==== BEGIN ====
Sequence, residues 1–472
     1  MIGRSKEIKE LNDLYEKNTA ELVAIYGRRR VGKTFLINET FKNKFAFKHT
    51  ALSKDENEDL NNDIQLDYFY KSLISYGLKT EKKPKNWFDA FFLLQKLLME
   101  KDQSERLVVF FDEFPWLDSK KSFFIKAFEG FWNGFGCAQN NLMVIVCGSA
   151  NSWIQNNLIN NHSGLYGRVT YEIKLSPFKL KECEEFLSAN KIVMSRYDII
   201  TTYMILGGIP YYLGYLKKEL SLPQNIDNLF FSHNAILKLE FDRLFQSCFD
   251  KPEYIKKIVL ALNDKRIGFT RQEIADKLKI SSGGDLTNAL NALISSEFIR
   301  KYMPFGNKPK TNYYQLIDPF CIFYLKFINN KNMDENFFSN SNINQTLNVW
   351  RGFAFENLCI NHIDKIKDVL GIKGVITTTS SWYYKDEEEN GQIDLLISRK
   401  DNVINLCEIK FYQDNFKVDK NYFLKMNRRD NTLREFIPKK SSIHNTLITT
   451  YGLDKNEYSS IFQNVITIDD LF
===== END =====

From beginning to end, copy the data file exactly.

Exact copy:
Sequence, residues 1–472
     1  MIGRSKEIKE LNDLYEKNTA ELVAIYGRRR VGKTFLINET FKNKFAFKHT
    51  ALSKDENEDL NNDIQLDYFY KSLISYGLKT EKKPKNWFDA FFLLQKLLME
   101  KDQSERLVVF FDEFPWLDSK KSFFIKAFEG FWNGFGCAQN NLMVIVCGSA
   151  NSWIQNNLIN NHSGLYGRVT YEIKLSPFKL KECEEFLSAN KIVMSRYDII
   201  TTYMILGGIP YYLGYLKKEL SLPQNIDNLF FSHNAILKLE FDRLFQSCFD
   251  KPEYIKKIVL ALNDKRIGFT RQEIADKLKI SSGGDLTNAL NALISSEFIR
   301  KYMPFGNKPK TNYYQLIDPF CIFYLKFINN KNMDENFFSN SNINQTLNVW
   351  RGFAFENLCI NHIDKIKDVL GIKGVITTTS SWYYKDEEEN GQIDLLISRK
   401  DNVINLCEIK FYQDNFKVDK NYFLKMNRRD NTLREFIPKK SSIHNTLITT
   451  YGLDKNEYSS IFQNVITIDD LF